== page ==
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Parent Involvement Day Welcomes VIP Guests… Very Important Parents!

PID 2019 Mount Vernon City Schools welcomed hundreds of parents and caregivers on Monday, February 11 for its district-wide Parent Involvement Day. The annual event provides unique opportunities for parents to see just what their children are up to all day, including activities for learning, socializing and fun unique to each school. Once again, the day was a huge hit!   

At Holmes Elementary, student ambassadors welcomed parents for a good morning breakfast – served by PTA members and school staff – to kick off their school’s festivities.

“We really look forward to Parent Involvement Day every year,” said Holmes Elementary Principal Danielle Davis-Morrow. “Not only are our parents coming in to watch what we’re doing; we get them actively involved with the children.”

Along with attending regularly scheduled classes with their children, parents at Holmes Elementary attended a schedule of specially planned workshops and events, including a Brazilian Jui Jitsu demonstration during gym, a Vision Board Workshop in the art room, a presentation by the Junior Honor Society and a Technology Workshop. 

“Many of our teachers schedule activities for parents to take part in,” said Davis-Morrow. “And, some of our parents also talk about their own careers, which gives children an understanding of different careers that are out there for them.”

A parent appreciation luncheon at Holmes Elementary was followed by a Dads vs. Students basketball game to wrap up the day.

At the new STEAM Academy, Principal Sharon M. Bradley and her staff kicked off the day with the Principal’s Coffee Clutch, which included a challenging activity for parents, facilitated by representatives from Discovery Learning. The activity applied the project-based learning approach that is an important facet of STEAM education.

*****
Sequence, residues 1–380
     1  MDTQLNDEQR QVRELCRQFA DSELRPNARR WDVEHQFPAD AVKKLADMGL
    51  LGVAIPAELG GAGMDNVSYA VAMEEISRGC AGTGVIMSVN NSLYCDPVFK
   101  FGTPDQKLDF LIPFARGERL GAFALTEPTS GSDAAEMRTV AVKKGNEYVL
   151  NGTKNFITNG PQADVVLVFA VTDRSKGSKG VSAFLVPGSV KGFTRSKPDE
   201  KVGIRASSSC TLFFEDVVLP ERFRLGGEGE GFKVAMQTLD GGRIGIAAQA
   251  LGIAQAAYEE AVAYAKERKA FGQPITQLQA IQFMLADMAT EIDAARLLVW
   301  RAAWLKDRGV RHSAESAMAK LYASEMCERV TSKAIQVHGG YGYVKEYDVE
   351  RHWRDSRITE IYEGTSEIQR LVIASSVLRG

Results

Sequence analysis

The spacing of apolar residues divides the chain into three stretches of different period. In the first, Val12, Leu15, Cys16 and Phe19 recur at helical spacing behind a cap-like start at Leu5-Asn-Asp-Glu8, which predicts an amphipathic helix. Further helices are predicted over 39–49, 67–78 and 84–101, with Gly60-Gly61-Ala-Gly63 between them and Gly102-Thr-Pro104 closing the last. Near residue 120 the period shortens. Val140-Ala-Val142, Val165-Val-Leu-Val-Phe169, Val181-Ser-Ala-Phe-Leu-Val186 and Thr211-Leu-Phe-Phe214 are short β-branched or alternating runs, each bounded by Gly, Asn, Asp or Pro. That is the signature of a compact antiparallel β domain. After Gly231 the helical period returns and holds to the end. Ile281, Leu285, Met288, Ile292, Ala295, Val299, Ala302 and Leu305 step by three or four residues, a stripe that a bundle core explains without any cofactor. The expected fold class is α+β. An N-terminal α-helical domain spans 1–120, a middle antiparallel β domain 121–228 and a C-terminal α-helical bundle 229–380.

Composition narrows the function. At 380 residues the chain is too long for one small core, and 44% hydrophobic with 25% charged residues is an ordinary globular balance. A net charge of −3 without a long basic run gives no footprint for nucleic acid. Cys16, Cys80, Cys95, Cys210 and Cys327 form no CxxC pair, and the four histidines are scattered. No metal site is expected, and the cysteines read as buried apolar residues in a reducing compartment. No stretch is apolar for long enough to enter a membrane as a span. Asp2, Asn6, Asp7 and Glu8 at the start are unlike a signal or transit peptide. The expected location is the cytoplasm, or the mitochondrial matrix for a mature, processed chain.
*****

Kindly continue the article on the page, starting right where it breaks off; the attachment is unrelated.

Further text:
“We’ve had PTA meetings, we’ve sent home letters, but this is the first opportunity parents have had to come here and experience the STEAM Academy,” said Bradley. “Using only newspaper, Scotch™ tape and scissors, we asked teams of parents to use their critical thinking skills, communicate and collaborate to see which group could build the tallest free-standing structure. It was a great ice-breaker.”

Mount Vernon has been partnering with Discovery Learning over the past couple of years for teacher and administrator trainings. Mrs. Bradley explained that the current approach is to encourage students to think independently, and to design and create collaboratively with their peers.

Discovery Education facilitator Kimberly Wright gave the morning’s keynote address.

“Our program focuses on engaging all types of learners – STEAM for all,” said Wright. “We have students look at real world situations and experience hands-on learning using real world scenarios that prepare them for the problems our world is facing.”

It is an educational approach that embraces the importance of the Four C’s – Critical Thinking, Creativity, Communication and Collaboration – and encourages incorporating them into the classroom. Throughout the day, Academy teachers presented lessons and workshops focused on STEAM education and this experiential approach to learning.

“One of the biggest keys to getting students to graduate high school and follow through with vocational or college education is having parental and community involvement in school,” said Wright. “Parents can more easily support what their kids are learning when they know what is going on in the school.”

Principal Davis-Morrow shared the same sentiment with those gathered at Holmes Elementary.

“What I always point out to parents is that parental involvement is the key to academic success,” said Davis-Morrow. “So, the more you are involved as a parent, the more successful your child can be as a student.”

Lincoln Elementary School Principal Rebecca Jones stated, “We see ourselves as an extension of our students’ families, so it’s always a pleasure hosting Parent Involvement Day at Lincoln School. Parents have the opportunity to not only sit in their child’s classes and see what a day of learning looks like, but it also allows them to take part in meaningful workshops that can enhance their understanding of student expectations and the ways they can assist their children at home.”

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